Directed by Scott Derickson (Sinister, The Exorcism Of Emily Rose) and inspired by the “actual accounts of an NYPD sergeant” (ahem), Deliver Us From Evil is toplined by Eric Bana as Sarchy, a Bronx cop whose ‘radar’ for trouble is actually a psychic link to the dark underworld of demons. A trio of hard-bitten marines return from Iraq possessed by an ancient evil, causing them to murder their own children or hurl themselves off roofs. It’s up to Bana and his trusty sidekick, blade expert Butler (Joel McHale, who is very clearly Joel McHale in every scene) to send them back to Hell. Sean Harris stands out as a monstrous marine, imbuing every scene he skulks through with black dread. Unfortunately, there’s not enough of him. Most of the film’s running time is taken up by a misguided bromance between Bana and dashing Jesuit priest Mendoza (Édgar Ramírez) that hinges on hardcore Catholicism and gives the whole film a queasy wash of fundamentalist propaganda. Another wild misfire is the casting of Olivia Munn in the role of Bana’s put-upon wife, Jen. Her honking Brooklyn accent is pure sketch comedy, easily the best/worst thing about the entire production. Still, after endless scenes of flashlights bobbing in disgusting hovels, gravel-throated detectives sauntering through midnight rainstorms, gratuitous butterfly knife-fu and more zoo animal attacks than you’d ever expect, Deliver Us From Evil eventually pays off with a full-tilt gonzo exorcism scene that neatly ties up most of the film’s head-scratching idiosyncrasies, including its frequent references to Doors lyrics, hieroglyphics and owls. It’s loud, weird and explosive, to say the least, aided by a score that sounds like Nine Inch Nails stuck in an industrial clothes dryer. But is it scary? Well, there’s certainly nothing that suggests Hell is coming to your house. Sarchy’s water-logged world of dumpster babies and mental patients is as far away from any recognisable reality as the Land of Oz. There was a time when exorcist movies chilled the blood. That time was 1973. Let’s move on.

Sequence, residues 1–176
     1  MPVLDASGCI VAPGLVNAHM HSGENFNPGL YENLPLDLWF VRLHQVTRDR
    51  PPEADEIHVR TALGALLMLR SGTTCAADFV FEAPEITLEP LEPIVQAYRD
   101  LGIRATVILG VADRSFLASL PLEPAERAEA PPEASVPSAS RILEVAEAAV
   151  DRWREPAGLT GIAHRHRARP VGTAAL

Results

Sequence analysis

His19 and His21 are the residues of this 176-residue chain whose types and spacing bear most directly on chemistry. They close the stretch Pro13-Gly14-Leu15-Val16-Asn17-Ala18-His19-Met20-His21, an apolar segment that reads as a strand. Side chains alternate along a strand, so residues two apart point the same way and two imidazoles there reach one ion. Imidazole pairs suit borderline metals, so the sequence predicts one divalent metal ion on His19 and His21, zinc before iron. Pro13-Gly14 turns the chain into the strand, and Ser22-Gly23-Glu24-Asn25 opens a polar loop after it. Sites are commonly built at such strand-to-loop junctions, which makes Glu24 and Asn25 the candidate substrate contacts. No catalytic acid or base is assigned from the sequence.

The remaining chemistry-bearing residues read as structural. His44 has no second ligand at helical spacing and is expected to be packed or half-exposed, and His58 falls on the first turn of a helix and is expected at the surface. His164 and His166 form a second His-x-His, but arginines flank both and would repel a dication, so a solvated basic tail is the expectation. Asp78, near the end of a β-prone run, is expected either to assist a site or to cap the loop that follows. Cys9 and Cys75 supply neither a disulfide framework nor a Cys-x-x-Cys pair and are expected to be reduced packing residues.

CD Reviews

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Book Reviews

Top 5 at a Glance1. THE CONFESSION, by John Grisham2. WORTH DYING FOR, by Lee Child3. AMERICAN ASSASSIN, by Vince Flynn4. THE GIRL WHO KICKED THE HORNET’S NEST, by Stieg Larsson5. SIDE JOBS, by Jim Butcher

Top 5 at a Glance1. LIFE, by Keith Richards with James Fox2. BROKE, by Glenn Beck and Kevin Balfe3. EARTH (THE BOOK), by Jon Stewart and others4. THE LAST BOY, by Jane Leavy5. AUTOBIOGRAPHY OF MARK TWAIN, VOL. 1, by Mark Twain

Top 5 at a Glance1. THE GIRL WITH THE DRAGON TATTOO, by Stieg Larsson2. THE GIRL WHO PLAYED WITH FIRE, by Stieg Larsson3. THE FINKLER QUESTION, by Howard Jacobson4. LITTLE BEE, by Chris Cleave5. CUTTING FOR STONE, by Abraham Verghese

Top 5 at a Glance1. THE LOST SYMBOL, by Dan Brown2. THE GIRL WITH THE DRAGON TATTOO, by Stieg Larsson3. THE RECKLESS BRIDE, by Stephanie Laurens4. THE GIRL WHO PLAYED WITH FIRE, by Stieg Larsson5. 61 HOURS, by Lee Child

Top 5 at a Glance1. EAT, PRAY, LOVE, by Elizabeth Gilbert2. INSIDE OF A DOG, by Alexandra Horowitz3. STONES INTO SCHOOLS, by Greg Mortenson4. THE GLASS CASTLE, by Jeannette Walls5. THREE CUPS OF TEA, by Greg Mortenson and David Oliver Relin

Funny Pictures

The Melting Pot

nousavons

Internationally Acclaimed Book of the True Story of Two Holocaust Survivors is Now Available in French

Author and Holocaust survivor Leon Malmed kept a secret for more than 60 years – a secret he has unveiled in his moving book,...

sendinstead

‘Send This Instead’ App Gives Kids an Alternative to Sexting

Members of the Ontario Provincial Police, Child Sexual Exploitation Unit in Ontario, Canada launch a sexting alternative app for teens...

nimaxyoldies

Turn Back Time with Oldies Music Radio Which Brings Good Old Hits Back to Life

Nimaxy presents a new radio app for the most enjoyable music experience. Nimaxy studio has the pleasure of announcing the release of the...

weekendwarriors

Military Fiction Book Explores the Consequences of Sending Reservist and National Guard Troops into Battle with the Soviet Union

Author James W. Burke will be signing copies of “The Weekend Warrior” from 9am until 6pm on July 18, 19 and 20th at the Fort...

Local Scene

afeaug2214

Arts for Everyone Weekly Event Update

FRIENDS….  Attached are the most recent listings of events by A4E. LOCAL… COMING SOON: The  2104 ELECTRONIC CATALOG of the works of...

Backstage Pass

erijamsweekend

Find Out Where Your Favorite Band Is Playing

Want To Know Where The Best Bands Are Playing And Where The Hottest Shows Are In Town? Plan your weekend entertainment with our Weekend...